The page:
Canindia News

What the pandemic means for international students

Sabrina Almeida

Immigration minister Marco Mendicino announced during a webinar this week that Canada has issued 56,000 first stage approvals for study permit applications. This is likely to bring a ray of hope for Canadian educational institutions which have been seeing lower enrollment and revenues on account of the pandemic.

Several foreign students chose to defer acceptances rather than pay the same “high tuition fees” for online classes. The online study option, travel restrictions and the fear of contracting the coronavirus have resulted in many others preferring to study from the comfort of their homes. It also meant not having to pay dorm and cafeteria fees.

With growth among the main cohort of Canadian-born students entering colleges and universities stagnating over the last decade due to our low birth rate, colleges and universities turned to  international students to sustain themselves financially. According to the CIC, Canada’s international student population tripled over the past decade to 642,000 in 2019 making us the third leading destination for foreign students, behind the US and Australia. The largest beneficiary, Ontario, hosted 48% of international students (nearly 307,000).

With foreign students contributing around $21 billion to Canada’s GDP (in tuition fees, rent, groceries, transportation, entertainment, etc.), the impact was felt both by education institutions as well as the economy. Not surprising then that the government wants them back and quickly.

Faced with the tough decision of whether to go back home or not, some foreign students remained here fearing future pandemic restrictions might prevent them from coming back. Uncertainty, money problems and loneliness are just some of the problems they have struggled with over the past six months. 

Several relied on part-time jobs to pay for their living expenses. Unfortunately, these positions were among the first to be impacted. And although the government urged landlords to be fair, most weren’t willing to take the hit and give students a break. Thus many students who lived off campus and returned home were still forced to pay rent for the rest of the year. 

Even worse was the social isolation, especially for the newcomers trying to find their feet here.

With classes shifting online and a large number of foreign students returning home, campuses became ghost towns. School cafeterias, a source of social interaction, shut down and meals were left in packages outside dorm rooms due to the pandemic restrictions. Those that were inclined to cook had limited access to groceries because of transportation issues. The closure of restaurants and fast food eateries reduced their options further.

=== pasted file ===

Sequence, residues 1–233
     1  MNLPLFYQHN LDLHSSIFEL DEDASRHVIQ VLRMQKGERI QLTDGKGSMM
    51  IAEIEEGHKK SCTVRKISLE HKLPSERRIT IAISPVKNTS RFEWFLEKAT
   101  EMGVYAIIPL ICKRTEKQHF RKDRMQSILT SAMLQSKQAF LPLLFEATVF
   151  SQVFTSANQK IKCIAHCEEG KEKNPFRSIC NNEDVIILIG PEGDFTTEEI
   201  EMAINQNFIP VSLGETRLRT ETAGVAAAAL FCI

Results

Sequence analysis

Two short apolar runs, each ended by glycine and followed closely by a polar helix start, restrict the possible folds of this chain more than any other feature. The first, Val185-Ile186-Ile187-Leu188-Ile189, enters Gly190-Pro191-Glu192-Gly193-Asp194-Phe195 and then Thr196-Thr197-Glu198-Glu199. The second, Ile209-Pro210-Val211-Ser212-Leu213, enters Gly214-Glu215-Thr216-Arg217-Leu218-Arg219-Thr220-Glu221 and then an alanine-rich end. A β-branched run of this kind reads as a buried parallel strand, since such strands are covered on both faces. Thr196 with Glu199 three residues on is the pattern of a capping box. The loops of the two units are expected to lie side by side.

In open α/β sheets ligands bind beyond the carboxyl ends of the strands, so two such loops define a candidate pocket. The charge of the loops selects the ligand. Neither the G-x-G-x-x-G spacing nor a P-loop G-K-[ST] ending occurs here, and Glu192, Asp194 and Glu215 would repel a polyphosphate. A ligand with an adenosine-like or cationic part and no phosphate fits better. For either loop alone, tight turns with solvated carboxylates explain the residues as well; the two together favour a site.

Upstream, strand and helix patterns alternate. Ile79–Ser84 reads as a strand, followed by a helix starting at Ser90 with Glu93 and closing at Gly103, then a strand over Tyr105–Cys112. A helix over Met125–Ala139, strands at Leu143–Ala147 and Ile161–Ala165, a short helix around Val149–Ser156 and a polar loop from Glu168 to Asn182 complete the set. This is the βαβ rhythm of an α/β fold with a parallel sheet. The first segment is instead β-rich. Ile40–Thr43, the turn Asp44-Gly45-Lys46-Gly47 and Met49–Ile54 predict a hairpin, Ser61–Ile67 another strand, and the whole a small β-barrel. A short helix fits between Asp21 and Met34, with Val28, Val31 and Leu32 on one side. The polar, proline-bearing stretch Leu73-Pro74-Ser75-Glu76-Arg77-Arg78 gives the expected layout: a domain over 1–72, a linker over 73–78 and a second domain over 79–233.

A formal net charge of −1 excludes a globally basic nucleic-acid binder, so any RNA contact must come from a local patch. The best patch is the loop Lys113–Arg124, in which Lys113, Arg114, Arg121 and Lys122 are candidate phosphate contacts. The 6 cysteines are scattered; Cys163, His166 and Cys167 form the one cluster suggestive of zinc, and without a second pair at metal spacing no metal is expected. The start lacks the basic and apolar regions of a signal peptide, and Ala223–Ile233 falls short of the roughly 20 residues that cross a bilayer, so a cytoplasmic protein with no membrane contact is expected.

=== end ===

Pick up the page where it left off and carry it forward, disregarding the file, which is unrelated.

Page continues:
But mental health became the bigger issue. Three students, I met, shared how being closeted in their rooms during the initial stages of the pandemic caused them to become fearful and depressed. Family members tried to keep their spirits up through WhatsApp and Zoom calls but after a while that didn’t reduce the loneliness or despair. Since digital communication couldn’t make up for face-to-face interaction, mental health suffered as a result of it. 

An essay on suicide by one of the students caused her family to panic and fear for her well-being. For weeks they took turns making WhatsApp video calls to her throughout the day and evening hoping to avert a situation.

The girl shared how a weekend at a family friend’s home gave her a new lease on life. Being around people, especially a family, raised her spirits. She felt motivated and ready to begin the new academic year. Her parents too were relieved that she had someone to reach out to if needed.

One of her friends was fortunate to have a distant relative take her home to live with them and says she will always be thankful to them for their kindness. 

Minister Mendicino said the government is working with public health and educational institutions on how to bring international students onto their campuses. Perhaps these struggles the students encountered during the pandemic ought to be factored into the welcome plan now that we are in the second wave. 

Many feel short-changed given the “exorbitant tuition fees” they pay. 

With foreign students being critical to the economy, and given that many  are looking to immigrate and now want the process to be fast-tracked, the federal government may have no choice but to bend to their will.

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